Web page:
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The first impressions are so often the wrong ones…
It was actually with some apprehension that I entered Sanwa Brewery in the company of my good friend Takahiro Nagashima. The only times I had been able to check beforehand the likes of Mssrs. Katsumasa Suzuki and Tomio Sugahara I had discovered extremely serious, almost severe faces. Photographs seldom do justice to people. In fact everyone in the brewery were extremely civil, smiling and welcoming.
The ice was quickly broken and conversation commenced in earnest with Mr. Suzuki and his emplyee in charge of the borrling, Mr. Hiroyuki Sano, who later took us on the grand tour of the premises.
Sanwa has a long and eventful history: founded in 1686 under the name of Oshikubai Brewery (Mr. Suzuki is the 19th-generation owner), it merged with two other local breweries 30 years ago.
The original Oshikubai Brewery building serves as office and bottling and storage sites with 7 staff.
The former Koizumi Honkei Brewery stretches at the foot of a very scenic mountain and comprises the brewery proper and private quarters, kitchen and dining room for the toji/master brewer and his 5 aides.
The third brewery, Shimizu Brewery can still be seen as a private household halfway along the main thoroughfare.
Sanwa Brewery is known for many brand names such as Shizugokoro, Hagoromo, Tesshu and Okitsukawa, but it achieved international fame of late after they created the Garyubai label four years ago.
The name itself means “Sleeping Dragon Plum Tree”, and was inspired by a local legend whose history is related in nearby Seiken Ji Temple, a small but grand scenic spot adorned with plum and cherry trees.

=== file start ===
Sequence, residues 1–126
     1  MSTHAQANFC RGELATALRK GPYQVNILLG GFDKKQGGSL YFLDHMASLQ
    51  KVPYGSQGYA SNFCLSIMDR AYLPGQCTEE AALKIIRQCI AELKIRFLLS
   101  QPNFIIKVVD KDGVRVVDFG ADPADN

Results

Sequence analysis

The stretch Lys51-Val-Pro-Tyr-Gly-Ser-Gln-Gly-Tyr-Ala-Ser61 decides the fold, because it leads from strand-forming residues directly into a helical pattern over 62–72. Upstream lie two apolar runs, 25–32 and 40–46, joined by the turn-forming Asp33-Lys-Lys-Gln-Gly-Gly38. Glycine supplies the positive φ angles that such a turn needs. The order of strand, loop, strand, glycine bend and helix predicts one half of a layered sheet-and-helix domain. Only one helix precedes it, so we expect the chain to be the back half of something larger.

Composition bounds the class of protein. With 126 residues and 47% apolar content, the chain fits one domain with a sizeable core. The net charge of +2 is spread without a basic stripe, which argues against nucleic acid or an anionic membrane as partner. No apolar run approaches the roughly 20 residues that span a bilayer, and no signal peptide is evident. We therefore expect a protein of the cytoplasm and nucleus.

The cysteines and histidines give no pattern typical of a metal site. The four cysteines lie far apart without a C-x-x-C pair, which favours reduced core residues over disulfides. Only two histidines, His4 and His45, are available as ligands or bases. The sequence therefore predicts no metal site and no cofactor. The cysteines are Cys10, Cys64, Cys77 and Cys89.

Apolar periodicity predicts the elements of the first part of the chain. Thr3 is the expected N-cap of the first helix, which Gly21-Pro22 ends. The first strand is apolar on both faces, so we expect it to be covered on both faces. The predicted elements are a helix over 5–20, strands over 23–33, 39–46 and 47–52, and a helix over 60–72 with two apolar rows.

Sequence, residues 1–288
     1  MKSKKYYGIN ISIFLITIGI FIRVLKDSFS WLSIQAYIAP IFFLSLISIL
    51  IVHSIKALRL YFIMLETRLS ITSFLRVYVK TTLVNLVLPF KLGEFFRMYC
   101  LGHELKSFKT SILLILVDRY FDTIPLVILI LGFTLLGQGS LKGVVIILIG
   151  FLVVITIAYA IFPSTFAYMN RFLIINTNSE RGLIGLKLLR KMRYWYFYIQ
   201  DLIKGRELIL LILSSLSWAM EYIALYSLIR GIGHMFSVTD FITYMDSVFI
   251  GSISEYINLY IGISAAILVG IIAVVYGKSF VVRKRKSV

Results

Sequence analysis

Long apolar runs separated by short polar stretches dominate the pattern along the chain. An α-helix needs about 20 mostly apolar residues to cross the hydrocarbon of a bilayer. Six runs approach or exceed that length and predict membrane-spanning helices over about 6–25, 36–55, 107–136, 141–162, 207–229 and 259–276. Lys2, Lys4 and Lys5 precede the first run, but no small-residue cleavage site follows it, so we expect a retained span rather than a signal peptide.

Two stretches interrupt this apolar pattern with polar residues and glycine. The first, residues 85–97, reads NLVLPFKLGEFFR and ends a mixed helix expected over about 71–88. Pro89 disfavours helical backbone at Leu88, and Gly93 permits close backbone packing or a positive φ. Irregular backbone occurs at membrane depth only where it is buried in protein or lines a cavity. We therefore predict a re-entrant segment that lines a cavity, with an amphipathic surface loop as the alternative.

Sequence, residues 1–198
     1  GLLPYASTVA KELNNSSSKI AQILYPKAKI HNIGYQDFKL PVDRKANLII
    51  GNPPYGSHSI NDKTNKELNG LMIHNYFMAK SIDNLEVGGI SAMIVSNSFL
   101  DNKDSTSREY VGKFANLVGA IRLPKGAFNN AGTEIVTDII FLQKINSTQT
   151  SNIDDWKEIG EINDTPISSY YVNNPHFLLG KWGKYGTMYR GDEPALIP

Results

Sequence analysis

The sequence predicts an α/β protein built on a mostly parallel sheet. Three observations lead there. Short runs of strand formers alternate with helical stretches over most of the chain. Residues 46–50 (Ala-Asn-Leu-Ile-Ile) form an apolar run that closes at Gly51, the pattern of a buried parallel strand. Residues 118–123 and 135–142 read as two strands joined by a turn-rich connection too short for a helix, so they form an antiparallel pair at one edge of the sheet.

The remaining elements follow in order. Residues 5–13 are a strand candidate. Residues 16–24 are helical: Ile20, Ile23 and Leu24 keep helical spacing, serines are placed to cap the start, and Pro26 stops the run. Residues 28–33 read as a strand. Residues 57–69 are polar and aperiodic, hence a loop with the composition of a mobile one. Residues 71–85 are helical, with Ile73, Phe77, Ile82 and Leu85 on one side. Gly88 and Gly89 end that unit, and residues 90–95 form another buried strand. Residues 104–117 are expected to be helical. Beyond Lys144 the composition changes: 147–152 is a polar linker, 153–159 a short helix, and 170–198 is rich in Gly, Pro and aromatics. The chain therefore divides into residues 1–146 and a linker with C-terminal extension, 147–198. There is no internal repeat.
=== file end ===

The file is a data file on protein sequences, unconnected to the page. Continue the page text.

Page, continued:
90% of Garyubai brand is junmai.
The total production amounts to 850.000 (1.8 l.) bottles, 25% of which consist of extravagant futsushu/regular sake (from rice milled down to 70 and even 65%!)
Sanwa utilizes a wide range of rice strands:
Yamada Nishiki (Hyogo Prefecture)
Gohyakumangoku (Toyama Prefecture)
Tankan Watari (Shiga Prefecture)
Bizen Omachi (Okayama Prefecture)
Aiyama (Hyogo Prefecture)
Miyama Nishiki (Shiga Prefecture)
Homare Fuji (ShizuokaPrefecture)
Water is gathered from the mountain standing at the back of the brewery.
Yeasts are No 10 and M310.
They also started last year to produce a very limited quantity of umeshu I cannot wait to get my hands on!
Visiting the brewery is like taking on a tour of old Japan. Most buildings date back to before WWII.
One can even discover and admire artifacts so important for their historical and cultural value:
Old pictures from the Meiji and Taisho eras showing the rebuilding of the premises, an impressive range of cups, bottles and even crystal glassware.
The toji, Mr. Tomio Sugahara is an impossibly gentle and affable craftsman hailing from Iwate Prefecture (Nanbu Guild) who never stops smiling. Mr. Sano confided me that he just cannot remember seeing him angry.
Interestingly enough, Mr. Sugawara is a gradener back home during the off season.
Equipment and structures are still very traditional with the necessary dose of automation to help reduce manual albor. You do have the impression of stepping inside Old Japan, especially when you consider that the no sign stands to indicate the brewery, which lays hidden in a very rural setting away from the bustling thoroughfare.
The large amount of kasu/white lees goes to local wasabizuke makers or sold to various gastonomic ventures. The collection of kasu is the only labour still done manually. It does take three days for the whole company staff to take it out of the vats and pack it away.
Apart of producing some sake for private labels in Shimizu and as far as Tokyo, Sanwa Brewery exports to New York, Singapore and Hong Kong, where their barnd name, Garyubai, is steadily acquiring a respected name, including the International Sake Challenge 2007 Grand Gold Prize.
Moreover, Sanwa Brewery is also very active in Promoting Shizuoka Jizake by holding an annual Dinner tasting Reception for 240 guests every third Friday of October at Elizabeth Hall near Shimizu JR Station in the company of three other breweries.
You can bet I’ll be there next October!
424-0038 Shizuoka City, Shimizu Ku, Nishikubo, 501-10
Tel.: 054-366-0839 (office)